The Unreported Revolution In Air Combat
One of the best examples of this is the new (introduced last year) version of the American JHMCS (Joint Helmet Mounted Cueing System). The JHMCS II allows the user to fire at weapons wherever their eyes are pointed, no matter what direction the helmet is pointed. This new version uses better hardware and software to track the movement of the pilot's eyes. The new JHMCS is better balanced and much more comfortable to wear and use. The new version is more reliable and cheaper as well. Still, a JHMCS II costs about a million dollars. It's an expensive way to cover your head. The cost of JHMCS includes additional equipment to be installed in the cockpit, training, and technical support.
The JHMCS also allows a pilot to see critical flight and navigation information displayed on his visor. Sort of like a see-through computer monitor or Head Up Display. This enables the pilot to look around more often without having to look down at cockpit displays or straight ahead at a HUD (Head Up Display). This kind of freedom gives an experienced pilot an extra edge in finding enemy aircraft or targets and maneuvering to get into a better position for attacks. JHMCS is also useful for air to ground attacks.
Systems like JHMCS have been very effective but JHMCS II is lighter and easier to wear (weight was a major problem in the past), easier to use, and more reliable (if you don't bump into the canopy). The Israelis firm Elbit took the lead in developing this technology and made many technical breakthroughs with their earlier DASH (Display and Sight Helmet) system. Elbit teamed up with American firms to develop and market JHMCS, which is largely an improved DASH system.
The first helmet mounted sights were developed in South Africa in the 1970s. The Russians noted this development when they lost several jet fighters in Angola to South African pilots using the helmets. The Russians went to work and five years later had one of their own. It proved very effective, and scared NATO air forces when the Russian helmet was demonstrated by German fighter pilots from the former East German (the Germanys united in 1991) against experienced American F-16 pilots. Israel was the first Western air force to develop one of these helmets and is still a leader in the field.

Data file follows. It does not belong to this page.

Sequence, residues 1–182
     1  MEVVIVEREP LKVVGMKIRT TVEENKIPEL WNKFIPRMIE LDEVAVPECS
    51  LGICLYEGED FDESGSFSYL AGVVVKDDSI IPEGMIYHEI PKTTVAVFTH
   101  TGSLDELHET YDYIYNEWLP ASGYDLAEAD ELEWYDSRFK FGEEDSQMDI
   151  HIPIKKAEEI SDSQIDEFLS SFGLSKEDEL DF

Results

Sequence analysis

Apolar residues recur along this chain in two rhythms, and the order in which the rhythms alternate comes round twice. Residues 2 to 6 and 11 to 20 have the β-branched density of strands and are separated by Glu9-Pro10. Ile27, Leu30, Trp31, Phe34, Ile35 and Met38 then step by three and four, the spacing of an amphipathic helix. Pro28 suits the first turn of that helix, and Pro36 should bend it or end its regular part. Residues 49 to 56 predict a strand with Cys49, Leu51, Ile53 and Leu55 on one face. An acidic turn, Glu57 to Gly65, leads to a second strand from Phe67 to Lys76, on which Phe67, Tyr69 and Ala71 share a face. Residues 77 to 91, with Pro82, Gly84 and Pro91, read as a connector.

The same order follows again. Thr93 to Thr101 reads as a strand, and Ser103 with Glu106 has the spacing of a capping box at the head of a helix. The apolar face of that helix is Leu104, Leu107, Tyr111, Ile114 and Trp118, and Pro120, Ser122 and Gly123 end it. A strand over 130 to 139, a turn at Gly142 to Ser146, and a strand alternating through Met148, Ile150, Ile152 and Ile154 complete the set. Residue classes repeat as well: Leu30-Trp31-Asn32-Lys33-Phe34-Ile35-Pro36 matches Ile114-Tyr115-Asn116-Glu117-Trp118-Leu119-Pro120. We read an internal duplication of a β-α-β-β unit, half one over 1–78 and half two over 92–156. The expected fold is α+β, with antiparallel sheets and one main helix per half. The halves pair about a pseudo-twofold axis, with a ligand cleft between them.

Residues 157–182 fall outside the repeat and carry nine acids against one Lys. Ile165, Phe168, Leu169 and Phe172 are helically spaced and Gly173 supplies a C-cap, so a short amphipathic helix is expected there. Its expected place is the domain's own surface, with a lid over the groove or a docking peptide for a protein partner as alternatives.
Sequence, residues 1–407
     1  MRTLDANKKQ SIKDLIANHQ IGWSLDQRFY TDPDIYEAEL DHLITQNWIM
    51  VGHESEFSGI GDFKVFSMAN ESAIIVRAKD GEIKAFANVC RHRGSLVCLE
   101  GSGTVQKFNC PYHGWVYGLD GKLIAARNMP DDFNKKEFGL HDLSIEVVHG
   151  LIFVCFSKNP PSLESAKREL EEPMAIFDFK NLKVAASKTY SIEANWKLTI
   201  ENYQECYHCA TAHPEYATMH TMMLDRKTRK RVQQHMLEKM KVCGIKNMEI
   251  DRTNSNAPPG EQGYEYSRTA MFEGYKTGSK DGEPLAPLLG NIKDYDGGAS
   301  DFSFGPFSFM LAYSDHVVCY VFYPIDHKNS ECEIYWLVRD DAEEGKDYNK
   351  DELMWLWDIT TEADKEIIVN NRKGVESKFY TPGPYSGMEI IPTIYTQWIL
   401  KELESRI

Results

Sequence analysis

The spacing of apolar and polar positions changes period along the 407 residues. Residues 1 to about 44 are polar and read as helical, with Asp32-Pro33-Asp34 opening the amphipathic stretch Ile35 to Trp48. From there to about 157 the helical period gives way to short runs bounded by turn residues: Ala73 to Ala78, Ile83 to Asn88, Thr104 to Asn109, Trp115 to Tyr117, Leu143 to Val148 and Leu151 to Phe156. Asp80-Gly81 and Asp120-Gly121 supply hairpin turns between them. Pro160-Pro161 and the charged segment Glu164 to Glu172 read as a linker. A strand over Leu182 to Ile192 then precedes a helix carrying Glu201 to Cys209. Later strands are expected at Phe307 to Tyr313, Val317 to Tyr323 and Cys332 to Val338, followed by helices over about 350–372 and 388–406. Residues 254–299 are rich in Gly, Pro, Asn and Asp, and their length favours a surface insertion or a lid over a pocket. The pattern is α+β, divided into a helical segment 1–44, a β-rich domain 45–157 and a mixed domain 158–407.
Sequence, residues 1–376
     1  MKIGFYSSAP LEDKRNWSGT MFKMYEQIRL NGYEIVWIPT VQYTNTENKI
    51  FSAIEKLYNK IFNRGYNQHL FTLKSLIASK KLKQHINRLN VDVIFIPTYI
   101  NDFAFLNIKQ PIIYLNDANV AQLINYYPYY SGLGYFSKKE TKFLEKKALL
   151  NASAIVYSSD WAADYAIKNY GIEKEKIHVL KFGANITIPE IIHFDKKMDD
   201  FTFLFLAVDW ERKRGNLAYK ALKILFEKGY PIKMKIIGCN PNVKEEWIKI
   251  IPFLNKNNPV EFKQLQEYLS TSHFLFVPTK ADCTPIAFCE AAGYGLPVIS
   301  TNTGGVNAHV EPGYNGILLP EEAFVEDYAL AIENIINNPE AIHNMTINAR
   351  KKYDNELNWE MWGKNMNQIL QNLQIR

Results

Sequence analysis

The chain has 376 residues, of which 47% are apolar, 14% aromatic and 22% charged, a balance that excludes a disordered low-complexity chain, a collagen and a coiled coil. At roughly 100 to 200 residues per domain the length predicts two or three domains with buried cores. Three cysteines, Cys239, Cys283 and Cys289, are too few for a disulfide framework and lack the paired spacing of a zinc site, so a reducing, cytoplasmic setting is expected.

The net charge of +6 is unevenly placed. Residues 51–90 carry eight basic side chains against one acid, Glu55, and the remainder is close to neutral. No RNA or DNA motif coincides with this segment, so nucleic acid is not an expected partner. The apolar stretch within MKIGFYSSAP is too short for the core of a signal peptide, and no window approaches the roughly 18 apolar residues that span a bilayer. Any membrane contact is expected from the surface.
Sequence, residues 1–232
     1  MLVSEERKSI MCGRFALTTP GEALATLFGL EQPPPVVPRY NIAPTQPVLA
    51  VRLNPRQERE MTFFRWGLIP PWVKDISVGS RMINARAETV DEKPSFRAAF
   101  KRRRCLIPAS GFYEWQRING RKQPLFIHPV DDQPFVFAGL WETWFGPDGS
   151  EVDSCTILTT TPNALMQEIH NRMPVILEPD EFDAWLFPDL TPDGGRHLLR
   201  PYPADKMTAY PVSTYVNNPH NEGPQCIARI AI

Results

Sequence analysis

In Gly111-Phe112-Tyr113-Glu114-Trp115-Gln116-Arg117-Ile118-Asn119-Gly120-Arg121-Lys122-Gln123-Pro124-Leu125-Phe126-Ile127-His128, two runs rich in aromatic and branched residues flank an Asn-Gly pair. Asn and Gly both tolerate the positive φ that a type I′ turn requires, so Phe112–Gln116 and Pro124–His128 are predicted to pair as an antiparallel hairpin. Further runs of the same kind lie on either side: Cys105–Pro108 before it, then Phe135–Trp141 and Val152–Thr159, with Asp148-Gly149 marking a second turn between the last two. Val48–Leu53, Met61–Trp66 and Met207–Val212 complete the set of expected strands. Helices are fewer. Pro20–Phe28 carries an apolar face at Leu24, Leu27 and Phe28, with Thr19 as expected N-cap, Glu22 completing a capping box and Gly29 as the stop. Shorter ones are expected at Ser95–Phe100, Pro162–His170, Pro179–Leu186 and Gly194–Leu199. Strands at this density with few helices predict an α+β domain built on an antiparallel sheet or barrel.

In the last three decades these helmets have come to handle more data and chores while also being easier to wear. But these helmets are still heavy. That's why the better balance of JHMCS II is important. Even so, six years ago the U.S. Air Force introduced a new neck muscle exercise machine in air force gyms frequented by fighter pilots. This was because the new helmets weighed 2 kg (4.3 pounds), which was about fifty percent more than a plain old helmet. That extra weight may not seem like much but when making a tight turn, the gravitational pull (or "Gs") makes the helmet feel like it weighs 17.3 kg (38 pounds). You need strong neck muscles to deal with that. For decades now fighter pilots have had to spend a lot of time building upper body strength in the gym, in order to be able to handle the G forces. Otherwise, pilots can get groggy or even pass out in flight, as well as land with strained muscles.
Before the helmet mounted displays and aiming systems were available pilots had to keep checking instruments in the cockpit and use fixed targeting systems in the cockpit. Not having to keep looking at the cockpit displays saved valuable seconds in jet fighter combat that was often over in less than ten seconds. Repeated combat exercises (and actual combat) between pilots with the helmets and those without has made this unequivocal. It’s been a revolutionary development in air combat.
In the air combat community the innovation is recognized as real, and for those not using it, a deadly disadvantage. To make the most of tech like this you must allow your pilots to spend hundreds of hours in the air practicing with the helmets. This is one reason why China and Russia adopted the more expensive Western style of training pilots over the last few decades.